Postgraduate Course: Global Childhoods and Human Rights (EDUA11408)
|School||Moray House School of Education and Sport
||College||College of Arts, Humanities and Social Sciences
|Credit level (Normal year taken)||SCQF Level 11 (Postgraduate)
||Availability||Available to all students
|Summary||Childhood studies is a vibrant, interdisciplinary area. Children are no longer seen as simply passive recipients of services and care but as active participants in their own lives and the lives of others. This change is underpinned by the United Nations Convention on the Rights of the Child, which is the most ratified human rights convention in the world. This course explores complementary and contrasting conceptualisations of 'childhood', developed historically and co-currently, in a range of academic disciplines. It asks students to apply such theoretical insights to relevant policies and practices, encouraging students to gain skills in policy analysis and critical reflections on practice.
This course critically considers a range of disciplinary approaches to the study of childhood, in-depth discussion of the United Nations Convention on the Rights of the Child, and opportunities for group discussions and group work on applying these theoretical and policy ideas to policy and practice.
Teaching styles differ from session to session but all emphasise student participation and initiative. Some sessions tend towards a seminar-style; others have a mix of lecturer-led and student-led sessions. During weeks 1-7, the students have facilitated sessions. At the end of week 7, students form into groups to prepare for their group presentations. Weeks 8 to 9 are dedicated to developing the group presentations, which are given in week 10.
Students are expected to prepare for weeks 1-7 individually and in groups, through reading and associated tasks on Learn (7x2 hours= 14). It is expected that students participate in at least 5 hours observation or participation in an external policy opportunity, such as attending a Scottish Parliamentary debate or a relevant webinar. The course convenor passes on notice of such opportunities to students. 159 hours are for students-directed and independent learning.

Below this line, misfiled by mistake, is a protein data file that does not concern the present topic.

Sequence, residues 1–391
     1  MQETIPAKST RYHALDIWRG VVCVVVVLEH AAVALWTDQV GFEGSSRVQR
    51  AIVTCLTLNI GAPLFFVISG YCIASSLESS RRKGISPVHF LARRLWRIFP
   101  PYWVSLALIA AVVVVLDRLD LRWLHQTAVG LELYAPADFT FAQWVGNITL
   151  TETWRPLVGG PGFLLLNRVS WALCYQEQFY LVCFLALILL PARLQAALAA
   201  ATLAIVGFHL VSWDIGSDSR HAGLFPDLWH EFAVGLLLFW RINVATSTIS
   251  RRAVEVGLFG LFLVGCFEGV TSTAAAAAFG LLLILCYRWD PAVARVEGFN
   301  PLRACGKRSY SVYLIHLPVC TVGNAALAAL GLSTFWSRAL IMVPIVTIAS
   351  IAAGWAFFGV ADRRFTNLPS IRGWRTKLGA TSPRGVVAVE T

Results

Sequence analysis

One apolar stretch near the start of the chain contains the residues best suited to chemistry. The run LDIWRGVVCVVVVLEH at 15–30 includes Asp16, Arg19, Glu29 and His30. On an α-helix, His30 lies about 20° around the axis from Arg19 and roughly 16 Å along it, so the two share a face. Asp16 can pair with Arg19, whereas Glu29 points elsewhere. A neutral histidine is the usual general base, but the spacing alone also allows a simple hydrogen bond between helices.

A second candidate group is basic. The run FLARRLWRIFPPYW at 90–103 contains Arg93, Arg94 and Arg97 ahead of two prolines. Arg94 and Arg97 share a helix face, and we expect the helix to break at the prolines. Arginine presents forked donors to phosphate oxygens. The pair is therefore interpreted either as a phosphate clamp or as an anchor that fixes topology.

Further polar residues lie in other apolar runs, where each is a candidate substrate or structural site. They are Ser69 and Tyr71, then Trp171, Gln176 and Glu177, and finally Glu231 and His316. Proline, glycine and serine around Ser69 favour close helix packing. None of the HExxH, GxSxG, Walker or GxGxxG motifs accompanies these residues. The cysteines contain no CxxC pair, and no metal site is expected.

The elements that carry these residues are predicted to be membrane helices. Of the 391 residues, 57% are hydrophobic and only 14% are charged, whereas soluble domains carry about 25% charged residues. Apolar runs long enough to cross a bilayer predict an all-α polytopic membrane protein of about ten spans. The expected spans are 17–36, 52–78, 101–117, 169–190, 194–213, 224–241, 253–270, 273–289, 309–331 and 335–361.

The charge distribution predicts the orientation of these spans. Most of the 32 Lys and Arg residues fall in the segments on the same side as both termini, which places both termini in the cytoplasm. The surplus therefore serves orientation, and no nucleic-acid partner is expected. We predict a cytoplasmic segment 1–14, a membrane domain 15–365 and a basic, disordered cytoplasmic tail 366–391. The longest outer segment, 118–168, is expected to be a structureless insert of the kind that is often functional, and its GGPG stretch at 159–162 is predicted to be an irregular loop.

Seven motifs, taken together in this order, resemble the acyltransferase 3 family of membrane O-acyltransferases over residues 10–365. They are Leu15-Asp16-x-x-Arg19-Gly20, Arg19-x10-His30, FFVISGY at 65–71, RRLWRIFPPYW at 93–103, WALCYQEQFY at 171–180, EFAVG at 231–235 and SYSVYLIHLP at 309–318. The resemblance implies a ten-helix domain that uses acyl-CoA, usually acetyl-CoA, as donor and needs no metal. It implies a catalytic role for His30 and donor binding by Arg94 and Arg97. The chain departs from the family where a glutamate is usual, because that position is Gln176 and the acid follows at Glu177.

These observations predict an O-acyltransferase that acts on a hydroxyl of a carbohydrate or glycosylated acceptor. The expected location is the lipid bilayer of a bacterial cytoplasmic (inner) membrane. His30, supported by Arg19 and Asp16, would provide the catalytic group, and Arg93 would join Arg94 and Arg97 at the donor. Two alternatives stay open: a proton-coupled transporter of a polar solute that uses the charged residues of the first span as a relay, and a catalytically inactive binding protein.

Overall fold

Entry Requirements (not applicable to Visiting Students)
||Other requirements|| None
Information for Visiting Students
|High Demand Course?
Course Delivery Information
|Academic year 2020/21, Available to all students (SV1)
|Learning and Teaching activities (Further Info)
Programme Level Learning and Teaching Hours 4,
Directed Learning and Independent Learning Hours
|Assessment (Further Info)
|Additional Information (Assessment)
||Two formally assessed pieces of work are required:
1. Group presentation. Small working groups will work together to prepare a short 10-15 minute presentation for the final week of the course. Groups will select a policy focus (e.g. within youth justice, poverty, child protection, health or participation), within a particular country or regional context. The group will be asked to present a critical analysis of the particular policy , for its conceptualisations of childhood and its adherence (or not) to children's rights. A PowerPoint presentation will be required, or equivalent, and this will be submitted as part of the assessment.
The presentation will be 20% of the overall mark for the course.
Provision will be made for students who unavoidably miss the working groups or presentations, due to special circumstances. A short written assignment will be an alternative.
The group presentation has the potential to assist students in preparing for the subsequent assessment, the policy analysis. However, students can choose a different policy focus for this second assessment.
2. Policy analysis. This will be an independent assignment written by each student, in essay form. Students will be asked to present a critical analysis of a particular policy , for its adherence (or not) to children's rights and its conceptualisations of childhood. Students will be required to address learning outcomes 1-5 (see above) in their assignment. The essay will be 4000 words, excluding bibliography. The assignment will be 80% of the overall mark for the course.